Harry Potter Bloomsbury publisher warns against physical book sales

Bloomsbury Publishing has warned that sales of physical books could drop as much as 65% if government restrictions on the movement of people continue until the summer.

The company behind Harry potter exposed the possible blow to print sales – which account for around four-fifths of its revenue – in the “serious but plausible” worst-case scenario, which assumes the lockdowns are still widespread in July.

“It’s a total disaster to have just about 100% of our retail customers shut down,” Managing Director Nigel Newton said on Wednesday. In India, the company said there had been “no sales with a fairly difficult foreclosure” while the drop in demand was also severe in the UK, its largest market, as bookstores remained closed.

But Mr Newton added that the company’s experience in China, which both implemented and lifted restrictions earlier than in other countries, had been reassuring.

“[The Chinese lockdown] hits us hard enough. It is an important customer of our Harry potter college boxes and books in particular, but when they relaxed the restrictions in March, we saw all of those orders come through, ”he said. “Fortunately, we now have this business, but later in the year. ”

His comments came as Bloomsbury released its results for the year through February. Pre-tax profit rose 10% to £ 13million on revenue which was flat at £ 163million, despite the coronavirus hurting Chinese sales in the first part of the year . The company had net cash reserves of £ 31million at the end of February.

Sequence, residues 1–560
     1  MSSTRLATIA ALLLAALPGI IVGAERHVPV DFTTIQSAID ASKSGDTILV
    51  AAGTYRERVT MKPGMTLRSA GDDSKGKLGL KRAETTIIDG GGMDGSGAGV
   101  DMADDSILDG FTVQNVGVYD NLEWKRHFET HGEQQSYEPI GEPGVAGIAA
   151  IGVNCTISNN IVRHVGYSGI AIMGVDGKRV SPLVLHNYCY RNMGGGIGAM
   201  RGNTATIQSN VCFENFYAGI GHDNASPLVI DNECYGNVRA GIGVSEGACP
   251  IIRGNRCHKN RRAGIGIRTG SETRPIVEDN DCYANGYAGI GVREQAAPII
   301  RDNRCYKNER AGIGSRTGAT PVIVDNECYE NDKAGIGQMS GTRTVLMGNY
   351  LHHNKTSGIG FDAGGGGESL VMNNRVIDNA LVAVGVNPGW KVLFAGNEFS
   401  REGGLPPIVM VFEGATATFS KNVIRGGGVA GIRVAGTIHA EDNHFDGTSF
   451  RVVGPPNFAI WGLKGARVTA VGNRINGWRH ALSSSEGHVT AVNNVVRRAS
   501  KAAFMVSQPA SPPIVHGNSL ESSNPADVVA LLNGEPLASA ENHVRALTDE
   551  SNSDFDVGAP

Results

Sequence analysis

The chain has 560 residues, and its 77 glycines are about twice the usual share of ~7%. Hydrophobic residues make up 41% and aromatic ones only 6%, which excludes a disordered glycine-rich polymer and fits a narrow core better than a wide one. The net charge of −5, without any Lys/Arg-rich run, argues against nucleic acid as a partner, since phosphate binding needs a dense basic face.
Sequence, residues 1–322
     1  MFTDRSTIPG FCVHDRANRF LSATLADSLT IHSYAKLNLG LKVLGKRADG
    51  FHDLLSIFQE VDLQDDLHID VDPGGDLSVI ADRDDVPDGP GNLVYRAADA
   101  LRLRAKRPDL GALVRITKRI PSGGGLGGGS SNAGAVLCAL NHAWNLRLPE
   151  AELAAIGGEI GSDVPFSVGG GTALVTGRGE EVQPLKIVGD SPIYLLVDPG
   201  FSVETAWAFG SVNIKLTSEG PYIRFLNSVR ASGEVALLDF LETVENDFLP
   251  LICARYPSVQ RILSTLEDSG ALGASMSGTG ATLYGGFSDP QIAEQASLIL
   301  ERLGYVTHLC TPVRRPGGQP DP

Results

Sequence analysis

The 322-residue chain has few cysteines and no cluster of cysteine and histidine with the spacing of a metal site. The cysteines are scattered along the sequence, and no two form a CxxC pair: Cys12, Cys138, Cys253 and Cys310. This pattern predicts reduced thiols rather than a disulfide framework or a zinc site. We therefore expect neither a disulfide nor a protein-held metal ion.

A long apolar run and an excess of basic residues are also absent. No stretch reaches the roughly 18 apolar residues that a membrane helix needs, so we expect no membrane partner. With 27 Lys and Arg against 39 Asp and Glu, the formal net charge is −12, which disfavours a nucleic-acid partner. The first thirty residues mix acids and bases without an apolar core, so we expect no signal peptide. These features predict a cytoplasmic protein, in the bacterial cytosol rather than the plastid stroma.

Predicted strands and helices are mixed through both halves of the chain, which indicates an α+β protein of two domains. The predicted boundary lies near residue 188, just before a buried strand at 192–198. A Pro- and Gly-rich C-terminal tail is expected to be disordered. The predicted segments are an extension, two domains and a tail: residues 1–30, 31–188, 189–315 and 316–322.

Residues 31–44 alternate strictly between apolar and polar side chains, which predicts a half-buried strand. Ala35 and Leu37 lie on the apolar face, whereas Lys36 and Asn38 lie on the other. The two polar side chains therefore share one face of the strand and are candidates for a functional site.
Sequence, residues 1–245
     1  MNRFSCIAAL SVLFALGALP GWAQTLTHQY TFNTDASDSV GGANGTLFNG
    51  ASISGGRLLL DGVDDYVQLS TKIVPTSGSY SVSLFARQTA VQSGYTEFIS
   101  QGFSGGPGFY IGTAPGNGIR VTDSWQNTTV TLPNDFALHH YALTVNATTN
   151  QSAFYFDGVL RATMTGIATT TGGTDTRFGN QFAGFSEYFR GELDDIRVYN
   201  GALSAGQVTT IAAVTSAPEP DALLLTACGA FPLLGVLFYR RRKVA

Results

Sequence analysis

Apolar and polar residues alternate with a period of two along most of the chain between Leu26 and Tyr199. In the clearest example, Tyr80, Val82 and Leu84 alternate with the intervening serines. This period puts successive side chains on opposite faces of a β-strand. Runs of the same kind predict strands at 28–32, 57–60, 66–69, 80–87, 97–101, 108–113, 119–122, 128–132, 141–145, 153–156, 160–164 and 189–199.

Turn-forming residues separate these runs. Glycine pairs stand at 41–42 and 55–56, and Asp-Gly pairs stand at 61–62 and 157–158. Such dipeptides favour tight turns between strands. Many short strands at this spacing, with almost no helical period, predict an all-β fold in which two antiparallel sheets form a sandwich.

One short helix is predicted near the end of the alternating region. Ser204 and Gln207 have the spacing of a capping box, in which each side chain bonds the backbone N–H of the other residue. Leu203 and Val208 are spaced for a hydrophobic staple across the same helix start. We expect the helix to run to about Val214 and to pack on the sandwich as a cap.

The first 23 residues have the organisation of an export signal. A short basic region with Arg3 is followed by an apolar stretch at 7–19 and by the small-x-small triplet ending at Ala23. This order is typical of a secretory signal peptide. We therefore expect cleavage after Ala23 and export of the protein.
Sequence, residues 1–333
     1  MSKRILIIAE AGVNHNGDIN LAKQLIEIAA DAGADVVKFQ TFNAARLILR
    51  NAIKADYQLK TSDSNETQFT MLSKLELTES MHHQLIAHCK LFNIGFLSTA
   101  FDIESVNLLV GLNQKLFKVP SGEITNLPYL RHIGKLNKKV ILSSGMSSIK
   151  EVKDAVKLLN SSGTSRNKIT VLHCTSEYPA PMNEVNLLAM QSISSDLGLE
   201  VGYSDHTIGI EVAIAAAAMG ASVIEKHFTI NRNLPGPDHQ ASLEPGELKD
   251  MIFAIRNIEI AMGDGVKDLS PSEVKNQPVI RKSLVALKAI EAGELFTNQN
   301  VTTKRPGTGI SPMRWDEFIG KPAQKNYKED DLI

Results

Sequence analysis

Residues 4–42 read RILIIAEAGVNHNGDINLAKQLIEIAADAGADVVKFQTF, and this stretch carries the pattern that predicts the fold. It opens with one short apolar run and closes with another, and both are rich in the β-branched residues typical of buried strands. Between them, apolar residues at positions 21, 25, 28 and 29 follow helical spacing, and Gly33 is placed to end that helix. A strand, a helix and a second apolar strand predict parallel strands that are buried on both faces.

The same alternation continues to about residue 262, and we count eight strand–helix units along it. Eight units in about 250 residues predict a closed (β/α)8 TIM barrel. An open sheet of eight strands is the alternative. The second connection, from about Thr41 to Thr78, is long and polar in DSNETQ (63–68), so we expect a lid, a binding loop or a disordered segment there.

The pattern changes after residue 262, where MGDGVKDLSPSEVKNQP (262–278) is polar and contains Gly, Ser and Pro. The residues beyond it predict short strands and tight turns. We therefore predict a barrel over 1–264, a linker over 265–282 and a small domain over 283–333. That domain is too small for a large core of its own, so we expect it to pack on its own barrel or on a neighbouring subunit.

Revenue fell 3% and physical book sales fell 13% in the two months ending in late April. Peel Hunt analysts said the numbers were “better. . . than we feared, ”arguing that they pointed to the resistance of physical books as people bought them online.

Bloomsbury shares, which have fallen about a fifth since February, rose 1.5% in morning trading.

Like many other media companies, Bloomsbury has seen an increase in demand for its digital products. With many institutions, including the University of Cambridge, intending to hold online conferences until 2021, the group expects a boom in demand for academic documents accessible online.

In April, its branch providing online educational resources and libraries of content on topics such as theater and fashion received more than 4,000 test requests, up from 1,000 for the whole of the previous year. “This request will stay with us,” Newton said. “People will get used to [studying online]”.

The company previously announced that it would offer, instead of a cash dividend, an issue of free shares worth 6.89 per year, up 3% from the previous year. A management bonus was not paid because “the performance was in line with the expectations of the board”.

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